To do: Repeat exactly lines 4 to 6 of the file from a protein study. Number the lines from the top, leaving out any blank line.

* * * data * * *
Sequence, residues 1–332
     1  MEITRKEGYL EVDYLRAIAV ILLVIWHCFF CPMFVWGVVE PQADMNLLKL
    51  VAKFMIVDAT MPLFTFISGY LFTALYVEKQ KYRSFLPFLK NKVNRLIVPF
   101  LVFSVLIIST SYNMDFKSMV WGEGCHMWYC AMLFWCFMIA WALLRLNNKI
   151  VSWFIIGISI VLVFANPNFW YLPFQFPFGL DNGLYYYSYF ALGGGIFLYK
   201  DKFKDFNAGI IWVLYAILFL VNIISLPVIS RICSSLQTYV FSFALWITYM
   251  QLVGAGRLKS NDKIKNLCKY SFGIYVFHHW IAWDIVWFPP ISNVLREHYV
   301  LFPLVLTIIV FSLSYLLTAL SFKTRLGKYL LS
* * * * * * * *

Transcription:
   101  LVFSVLIIST SYNMDFKSMV WGEGCHMWYC AMLFWCFMIA WALLRLNNKI
   151  VSWFIIGISI VLVFANPNFW YLPFQFPFGL DNGLYYYSYF ALGGGIFLYK
   201  DKFKDFNAGI IWVLYAILFL VNIISLPVIS RICSSLQTYV FSFALWITYM